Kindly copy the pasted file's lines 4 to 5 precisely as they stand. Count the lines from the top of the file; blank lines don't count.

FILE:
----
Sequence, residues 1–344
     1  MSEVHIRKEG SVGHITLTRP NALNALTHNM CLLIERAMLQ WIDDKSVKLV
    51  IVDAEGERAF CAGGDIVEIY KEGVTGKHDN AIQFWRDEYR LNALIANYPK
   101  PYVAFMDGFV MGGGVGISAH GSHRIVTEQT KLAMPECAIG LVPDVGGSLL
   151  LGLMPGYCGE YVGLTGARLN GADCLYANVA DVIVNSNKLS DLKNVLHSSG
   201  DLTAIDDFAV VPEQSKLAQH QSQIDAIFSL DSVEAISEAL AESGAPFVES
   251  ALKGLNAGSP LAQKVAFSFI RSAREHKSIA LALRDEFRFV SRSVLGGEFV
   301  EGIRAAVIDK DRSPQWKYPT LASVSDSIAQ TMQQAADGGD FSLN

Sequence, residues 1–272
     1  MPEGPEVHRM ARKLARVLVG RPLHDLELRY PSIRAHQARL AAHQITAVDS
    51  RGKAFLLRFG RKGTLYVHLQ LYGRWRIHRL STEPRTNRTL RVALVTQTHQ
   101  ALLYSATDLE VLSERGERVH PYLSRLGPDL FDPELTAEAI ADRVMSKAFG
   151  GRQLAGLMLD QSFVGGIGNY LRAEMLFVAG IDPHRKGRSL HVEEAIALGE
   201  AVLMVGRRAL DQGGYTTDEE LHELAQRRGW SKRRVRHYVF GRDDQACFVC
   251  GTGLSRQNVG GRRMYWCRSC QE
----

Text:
   101  PYVAFMDGFV MGGGVGISAH GSHRIVTEQT KLAMPECAIG LVPDVGGSLL
   151  LGLMPGYCGE YVGLTGARLN GADCLYANVA DVIVNSNKLS DLKNVLHSSG